Wandering the back roads of Maine is an nature lover's paradise. Nature abounds with all its rugged landscapes, large, strong and attractive. Everywhere we turned we were confronted with Maine's stark, pristine beauty. On the coastline we found the most profound changes. The ocean and its tremendous tides cause strange and unusual natural wonders. The reversing salt water falls at Mahar's Point in West Pembroke was one that we discovered. This half-mile long set of falls in undoubtedly one of the least known but most fantastic natural phenomena in the country. Through a 300-yard gap passes most of the tidal flow which alternately fills and drains both Whiting and Dennys Bays. The salt water flows at a 25-knot speed into the bays over jutting rocks which cause the "falls" effect. As the tidal current slows, the roar of the water gradually diminishes until at slack tide the channel is like a mirror and the sound of birds and the wind in the trees can be heard again. Gradually, the direction of the water changes and the seaweed is swept in the opposite direction, ripples appear around the jutting rocks and within ten minutes the six-hour long roar has begun again. Lying along the rocky shoreline are hundreds of fossiliferous rocks bearing imprints of ancient shell forms. The Washington County Development Authority and the town of Pembroke, have build a two-mile long road and picnicking area into the Falls. We sat on the banks and wandered the shores as the tide came in and then went out again as Seals played on and around the rocks in the falls. I worked my way partway through the thick woods and partway down the rocky shoreline to get to a distant ship wreck at the very end of one of the inlets. I sat, all alone, with the sound of nature resounding all around me. Chipmunks scampered and birds flew. An eagle soared overhead, while a caterpillar quietly consumed its lunch beside me. The loneliness of the shipwreck, bleak and abandoned, seemed to personify this part of Main's rejection of the human invasion. Although civilization was no more then a half hours hard walk back, it was like I had left the influence of mankind for a moment. I sat quietly on a large stump and watched and listened. This world was in harmony with itself.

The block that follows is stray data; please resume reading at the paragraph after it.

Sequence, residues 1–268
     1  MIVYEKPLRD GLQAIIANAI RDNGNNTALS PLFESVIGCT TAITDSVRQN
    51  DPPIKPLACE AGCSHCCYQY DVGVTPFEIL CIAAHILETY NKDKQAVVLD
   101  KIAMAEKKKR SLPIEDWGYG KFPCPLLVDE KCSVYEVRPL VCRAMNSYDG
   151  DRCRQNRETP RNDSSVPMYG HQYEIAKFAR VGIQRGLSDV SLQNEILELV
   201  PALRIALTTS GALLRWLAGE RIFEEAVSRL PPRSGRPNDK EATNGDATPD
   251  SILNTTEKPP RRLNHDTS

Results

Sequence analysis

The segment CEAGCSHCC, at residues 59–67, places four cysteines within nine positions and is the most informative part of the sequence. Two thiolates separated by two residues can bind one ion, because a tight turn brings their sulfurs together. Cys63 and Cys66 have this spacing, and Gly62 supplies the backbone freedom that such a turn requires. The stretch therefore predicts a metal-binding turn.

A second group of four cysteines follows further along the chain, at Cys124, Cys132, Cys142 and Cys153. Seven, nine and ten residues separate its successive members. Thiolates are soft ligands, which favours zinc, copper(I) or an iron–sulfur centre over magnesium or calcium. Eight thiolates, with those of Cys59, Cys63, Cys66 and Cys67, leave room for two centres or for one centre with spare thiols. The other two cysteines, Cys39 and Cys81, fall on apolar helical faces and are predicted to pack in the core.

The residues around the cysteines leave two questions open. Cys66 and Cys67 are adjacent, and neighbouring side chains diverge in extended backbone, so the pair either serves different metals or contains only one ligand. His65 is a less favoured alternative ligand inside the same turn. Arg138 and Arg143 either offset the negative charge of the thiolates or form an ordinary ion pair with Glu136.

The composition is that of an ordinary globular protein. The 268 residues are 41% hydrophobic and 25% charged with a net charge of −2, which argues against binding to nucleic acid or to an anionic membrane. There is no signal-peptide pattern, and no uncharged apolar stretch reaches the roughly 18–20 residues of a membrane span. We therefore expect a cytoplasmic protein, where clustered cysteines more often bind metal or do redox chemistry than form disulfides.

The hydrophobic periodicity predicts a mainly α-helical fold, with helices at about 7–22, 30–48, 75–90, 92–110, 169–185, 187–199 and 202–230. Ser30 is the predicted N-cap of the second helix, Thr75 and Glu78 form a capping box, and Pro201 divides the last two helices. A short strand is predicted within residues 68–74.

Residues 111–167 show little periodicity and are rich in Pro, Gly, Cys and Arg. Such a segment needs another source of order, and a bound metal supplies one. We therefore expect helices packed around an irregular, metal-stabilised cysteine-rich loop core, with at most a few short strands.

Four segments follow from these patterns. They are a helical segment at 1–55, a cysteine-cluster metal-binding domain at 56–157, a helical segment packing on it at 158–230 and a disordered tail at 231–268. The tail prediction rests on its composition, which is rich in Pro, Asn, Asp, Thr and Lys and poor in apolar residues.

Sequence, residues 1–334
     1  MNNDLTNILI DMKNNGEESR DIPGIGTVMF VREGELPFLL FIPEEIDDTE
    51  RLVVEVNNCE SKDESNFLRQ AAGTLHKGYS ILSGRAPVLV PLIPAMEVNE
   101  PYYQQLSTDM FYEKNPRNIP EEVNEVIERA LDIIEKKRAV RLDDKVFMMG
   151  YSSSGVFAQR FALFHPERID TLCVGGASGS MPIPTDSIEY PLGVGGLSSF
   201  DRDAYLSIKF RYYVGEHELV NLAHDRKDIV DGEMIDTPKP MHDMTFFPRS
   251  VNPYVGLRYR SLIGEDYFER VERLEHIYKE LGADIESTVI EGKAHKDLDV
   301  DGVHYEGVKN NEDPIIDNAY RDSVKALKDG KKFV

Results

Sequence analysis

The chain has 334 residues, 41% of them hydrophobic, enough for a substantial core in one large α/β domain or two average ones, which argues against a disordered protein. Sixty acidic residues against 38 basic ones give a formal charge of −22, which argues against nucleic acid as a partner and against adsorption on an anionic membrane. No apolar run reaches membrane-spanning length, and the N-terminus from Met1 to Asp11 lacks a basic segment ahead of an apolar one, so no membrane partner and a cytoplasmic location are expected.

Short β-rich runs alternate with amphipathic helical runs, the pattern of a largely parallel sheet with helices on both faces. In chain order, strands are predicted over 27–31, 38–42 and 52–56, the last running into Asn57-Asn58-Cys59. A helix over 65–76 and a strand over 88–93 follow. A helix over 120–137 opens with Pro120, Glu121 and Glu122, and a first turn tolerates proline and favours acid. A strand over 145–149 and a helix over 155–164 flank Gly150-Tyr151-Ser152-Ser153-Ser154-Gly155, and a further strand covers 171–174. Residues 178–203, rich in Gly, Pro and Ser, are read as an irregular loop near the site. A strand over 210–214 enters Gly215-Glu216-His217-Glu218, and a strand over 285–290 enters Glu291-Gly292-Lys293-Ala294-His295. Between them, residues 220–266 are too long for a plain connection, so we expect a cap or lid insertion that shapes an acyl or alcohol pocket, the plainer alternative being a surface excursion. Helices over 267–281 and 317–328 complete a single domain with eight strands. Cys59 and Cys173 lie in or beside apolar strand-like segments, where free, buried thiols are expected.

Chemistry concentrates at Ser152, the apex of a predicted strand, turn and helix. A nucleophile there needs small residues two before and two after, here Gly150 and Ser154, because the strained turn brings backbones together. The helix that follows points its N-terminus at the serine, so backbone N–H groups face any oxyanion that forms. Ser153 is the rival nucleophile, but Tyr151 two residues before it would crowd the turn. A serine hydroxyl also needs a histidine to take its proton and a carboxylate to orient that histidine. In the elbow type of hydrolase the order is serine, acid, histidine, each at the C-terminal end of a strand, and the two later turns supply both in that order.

NOTE for RV'ers: while the road was passable I wouldn't recommend it for rigs as the last part was a narrow gravel road.
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